Testifying before the House Homeland Security Committee, Boston Police Commissioner Edward Davis said his department had been unaware that the Russian government contacted the FBI in 2011 to warn of Tamerlan Tsarnaev’s radical jihadist sympathies and his plans to travel to the northern Caucasus and link up with Islamist separatist and terrorist elements from Dagestan and Chechnya. Nor had he been told, he said, that the FBI had questioned the elder Tsarnaev brother and his family, or that Tamerlan subsequently, in 2012, spent six months in the volatile region of southern Russia.

Ernest Hemingway in Cuba and the USA


This video from the USA is the film For Whom The Bell Tolls (1943) – Gary Cooper and Ingrid Bergman.

From Prensa Latina news agency:

Hemingway Writings Preserved in Cuba Sent to US

Havana, May 10 – A total of 2,000 unpublished documents written by US author Ernest Hemingway were preserved by Cuban and US specialists as part of a bilateral agreement signed in 2002.

The lot of documents by Hemingway was sent to the US and will be exhibited soon at the Kennedy Library, Boston, Massachusetts, being the second sending from Cuba to the US cultural institution.

Ada Rosa Alfonso, director of the museum, told Prensa Latina that it is an extension of the working agreement for more than 10 years, with the objective that both nations possess a digital copy of the documents.

Specialists from the Andover, Massachusetts North Eastern Center for Document Preservation are working together with Cuban colleagues, she said.

Among the documents there is a letter written to Swedish-born actress Ingrid Bergman talking about Hemingway’s wish she were the starring actress in the famous film “For Whom the Bell Tolls” inspired by the novel with the same name written by Hemingway.

Another significant document is the group of letters addressed to his wife Mary Welsh, shopping lists, travelling itineraries and several of his weather considerations about the hurricanes going through the island between 1939 and 1960.

In the first part of the project, among the preserved documents there were manuscripts on his novel “For Whom the Bell Tolls” and a sample of the script for the film “The Old Man and the Sea”, also based on a novel written by the famous US writer.

Recently restored and with more than 9.88 acres, the house and farm in which Hemingway lived in Cuba, called Finca Vigia, in San Francisco de Paula, near the Cuban capital, was bought by Hemingway in December 1940.

His yacht, called “Pilar”, was restored with its original colors, registration information and other elements, to recreate the environment that surrounded Hemingway in Cuba.

Blue shark deep diving record


This video from the USA says about itself:

Jonathan Bird’s Blue World: Blue Shark Adventure

Mar 12, 2013

Jonathan joins Charlie Donilon on his shark charter boat in Rhode Island, Massachusetts, and learns about how shark tagging has shed light on the biology of and behavior of Blue sharks. Tagging has shown that these incredible swimmers actually migrate completely across the Atlantic ocean. Jonathan tries his hand at tagging a shark and then swims with Blue sharks. We also learn that Blue sharks are not nearly as vicious as they have been reputed to be, and the divers are actually able to pet the sharks!

From the New Zealand Herald:

Shark’s record dive into the blue

By Morgan Tait

5:30 AM Thursday Apr 25, 2013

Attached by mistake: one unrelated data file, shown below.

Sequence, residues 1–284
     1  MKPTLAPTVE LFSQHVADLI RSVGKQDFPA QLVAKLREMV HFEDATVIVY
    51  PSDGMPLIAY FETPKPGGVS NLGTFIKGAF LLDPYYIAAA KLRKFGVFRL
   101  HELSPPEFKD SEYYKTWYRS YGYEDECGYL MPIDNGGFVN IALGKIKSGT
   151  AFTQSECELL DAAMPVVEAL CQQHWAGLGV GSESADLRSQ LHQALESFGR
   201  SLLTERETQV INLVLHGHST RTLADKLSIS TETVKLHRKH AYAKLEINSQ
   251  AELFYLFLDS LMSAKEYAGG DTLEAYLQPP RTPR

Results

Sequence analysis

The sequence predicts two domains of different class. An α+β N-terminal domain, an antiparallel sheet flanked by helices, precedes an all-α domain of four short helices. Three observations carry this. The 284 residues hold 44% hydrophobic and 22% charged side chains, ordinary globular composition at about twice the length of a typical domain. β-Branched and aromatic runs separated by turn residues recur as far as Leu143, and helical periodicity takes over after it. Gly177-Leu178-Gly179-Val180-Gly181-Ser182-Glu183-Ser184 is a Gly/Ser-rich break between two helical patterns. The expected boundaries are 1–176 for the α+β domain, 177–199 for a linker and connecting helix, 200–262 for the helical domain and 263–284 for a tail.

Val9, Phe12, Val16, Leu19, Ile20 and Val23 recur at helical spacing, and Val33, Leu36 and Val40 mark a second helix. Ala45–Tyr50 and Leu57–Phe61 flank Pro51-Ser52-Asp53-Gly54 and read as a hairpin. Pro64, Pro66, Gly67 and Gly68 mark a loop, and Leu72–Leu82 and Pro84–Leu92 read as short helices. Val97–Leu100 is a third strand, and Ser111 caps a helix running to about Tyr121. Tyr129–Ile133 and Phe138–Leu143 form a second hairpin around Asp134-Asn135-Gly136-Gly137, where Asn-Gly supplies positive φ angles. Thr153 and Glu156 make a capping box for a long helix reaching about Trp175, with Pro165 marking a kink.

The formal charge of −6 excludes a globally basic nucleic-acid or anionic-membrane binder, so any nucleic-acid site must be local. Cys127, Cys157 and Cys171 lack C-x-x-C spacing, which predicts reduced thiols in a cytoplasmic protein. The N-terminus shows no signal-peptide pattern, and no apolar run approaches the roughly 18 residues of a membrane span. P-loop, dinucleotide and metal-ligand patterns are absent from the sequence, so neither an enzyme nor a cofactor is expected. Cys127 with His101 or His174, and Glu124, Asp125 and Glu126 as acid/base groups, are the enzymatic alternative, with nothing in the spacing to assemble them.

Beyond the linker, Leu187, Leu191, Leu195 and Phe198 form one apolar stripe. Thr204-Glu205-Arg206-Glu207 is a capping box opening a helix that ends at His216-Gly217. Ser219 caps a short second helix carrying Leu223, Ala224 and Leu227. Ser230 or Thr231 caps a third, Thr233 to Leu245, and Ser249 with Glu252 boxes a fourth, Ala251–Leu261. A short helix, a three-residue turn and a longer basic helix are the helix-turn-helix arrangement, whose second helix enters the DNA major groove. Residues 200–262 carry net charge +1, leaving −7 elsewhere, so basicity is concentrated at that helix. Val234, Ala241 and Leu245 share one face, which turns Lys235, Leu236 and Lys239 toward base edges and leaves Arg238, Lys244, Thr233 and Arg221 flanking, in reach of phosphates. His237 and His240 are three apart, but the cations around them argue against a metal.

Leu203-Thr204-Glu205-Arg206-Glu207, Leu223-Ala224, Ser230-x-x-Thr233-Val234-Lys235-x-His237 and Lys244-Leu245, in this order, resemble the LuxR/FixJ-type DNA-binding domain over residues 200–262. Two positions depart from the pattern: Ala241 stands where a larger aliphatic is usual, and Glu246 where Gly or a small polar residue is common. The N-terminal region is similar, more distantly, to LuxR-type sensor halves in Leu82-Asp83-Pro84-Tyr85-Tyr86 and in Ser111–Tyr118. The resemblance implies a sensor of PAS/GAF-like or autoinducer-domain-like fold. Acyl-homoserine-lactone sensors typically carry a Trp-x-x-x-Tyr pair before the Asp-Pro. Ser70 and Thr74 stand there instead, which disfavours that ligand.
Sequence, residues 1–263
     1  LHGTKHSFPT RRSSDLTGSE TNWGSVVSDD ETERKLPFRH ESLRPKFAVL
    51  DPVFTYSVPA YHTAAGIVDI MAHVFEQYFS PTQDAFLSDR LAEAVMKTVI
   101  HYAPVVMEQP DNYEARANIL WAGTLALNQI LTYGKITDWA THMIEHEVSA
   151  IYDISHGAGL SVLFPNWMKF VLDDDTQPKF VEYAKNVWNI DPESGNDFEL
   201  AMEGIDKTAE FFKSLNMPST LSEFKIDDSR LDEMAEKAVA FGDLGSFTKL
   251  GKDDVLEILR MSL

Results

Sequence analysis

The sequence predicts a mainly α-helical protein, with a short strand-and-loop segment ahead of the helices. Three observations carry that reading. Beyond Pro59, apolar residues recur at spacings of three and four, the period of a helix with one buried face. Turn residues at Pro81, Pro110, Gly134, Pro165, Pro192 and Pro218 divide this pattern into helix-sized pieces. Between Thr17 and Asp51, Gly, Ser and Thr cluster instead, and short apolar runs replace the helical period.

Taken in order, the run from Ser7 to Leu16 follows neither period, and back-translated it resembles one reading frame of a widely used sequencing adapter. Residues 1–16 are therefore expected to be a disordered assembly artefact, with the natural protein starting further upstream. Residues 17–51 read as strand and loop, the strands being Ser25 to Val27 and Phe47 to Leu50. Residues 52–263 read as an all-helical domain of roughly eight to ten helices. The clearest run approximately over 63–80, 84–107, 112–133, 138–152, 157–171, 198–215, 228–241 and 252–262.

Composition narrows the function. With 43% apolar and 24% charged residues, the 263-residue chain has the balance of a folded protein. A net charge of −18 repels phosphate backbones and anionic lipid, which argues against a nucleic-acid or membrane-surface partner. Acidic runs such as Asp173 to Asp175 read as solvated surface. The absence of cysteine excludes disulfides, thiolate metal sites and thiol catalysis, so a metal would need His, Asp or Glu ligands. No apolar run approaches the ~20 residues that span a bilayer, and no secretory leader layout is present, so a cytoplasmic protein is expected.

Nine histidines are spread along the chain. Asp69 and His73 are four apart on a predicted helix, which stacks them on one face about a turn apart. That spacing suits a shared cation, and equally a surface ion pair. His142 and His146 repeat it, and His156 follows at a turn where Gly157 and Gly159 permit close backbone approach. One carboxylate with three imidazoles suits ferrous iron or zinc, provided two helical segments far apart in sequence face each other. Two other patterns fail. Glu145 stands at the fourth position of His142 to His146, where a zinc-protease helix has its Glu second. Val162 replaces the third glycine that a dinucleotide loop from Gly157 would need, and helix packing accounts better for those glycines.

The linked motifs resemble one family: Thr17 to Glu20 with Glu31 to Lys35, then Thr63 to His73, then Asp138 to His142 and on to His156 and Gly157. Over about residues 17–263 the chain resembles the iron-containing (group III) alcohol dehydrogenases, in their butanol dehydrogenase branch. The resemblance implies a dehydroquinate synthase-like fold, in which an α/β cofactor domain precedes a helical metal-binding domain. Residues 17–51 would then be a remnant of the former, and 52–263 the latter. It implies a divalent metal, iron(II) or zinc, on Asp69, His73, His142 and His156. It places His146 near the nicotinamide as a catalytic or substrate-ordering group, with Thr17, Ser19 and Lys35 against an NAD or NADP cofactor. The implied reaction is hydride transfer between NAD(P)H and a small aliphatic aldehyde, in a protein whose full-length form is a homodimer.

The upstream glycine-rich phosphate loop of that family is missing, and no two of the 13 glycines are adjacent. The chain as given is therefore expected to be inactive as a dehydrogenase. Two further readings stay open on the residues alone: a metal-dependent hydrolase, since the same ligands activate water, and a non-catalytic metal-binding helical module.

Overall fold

Recently tagged male blue shark plunges 1250m off the Bay of Plenty coast in a quest for a meal of squid.

A shark broke a world record when he dived deeper than any recorded before off the coast of New Zealand this week.

Bodhi, a 2.5m male blue shark, dived 1250m deep off the Bay of Plenty coast on Tuesday, data from satellite tagging research by University of Auckland PhD student Riley Elliott has shown.

Mr Elliott tagged the shark three weeks ago off the Coromandel Peninsula as part of his study to track the habitat use and migration of blue sharks in New Zealand waters.

Bodhi is one of eight sharks monitored with tags that transmit their location to Mr Elliott’s computer, but only one of two fitted with tags that also record depth and water temperature.

“This guy went from the Coromandel out into the Bay of Plenty area and went about 100km off the Bay of Plenty. There he’s in 2000m of water at a big … underwater volcano, and for some reason he realised that he wants to go down for a dive – so he went from the surface water down to the deepest recorded depth a blue shark has ever gone.”

The previous record was held by a 1.8m female blue shark tagged in Portugal. She dived to 1160m.

Bodhi was probably chasing squid – 60 per cent of a blue shark’s diet – when he made the dive, said Mr Elliott.

“It’s unusual for sharks to dive so deep. They usually stay in the top layer of water because it isn’t efficient for an animal to do that unless they’re getting a reward, so that further supports the idea that it’s foraging.”

Mr Elliott’s study was the first of its kind in NZ waters, and such finds so early on are encouraging.

“He did 90m more which isn’t a great amount but the fact that he’s only been tagged for about three weeks and is still in coastal waters and has recorded a depth deeper than ever recorded means he’ll probably dive deeper throughout the one to three years the tag should keep giving me information.”

Professor John Montgomery, Mr Elliott’s supervisor and Leigh Marine Laboratory director, said the record was likely to be one of many to come from the work.

“I suspect this is the first of a number of very interesting findings that will come out of this study,” he said. “There’s a whole new wave of technology coming out with respect to those tags which provide really new insights into what those animals are doing and where they are.”

Mr Elliott hoped his research would increase knowledge about sharks and their behaviour and aid shark conservation projects.

Record-setting shark

• 2.5m male blue shark named Bodhi.
• Satellite tagged off Castle Rock, Coromandel, three weeks ago.
• Dived 1250m deep off Bay of Plenty coast on Tuesday.
• Previous record was 1160m dived by a 1.8m female shark tagged in Portugal.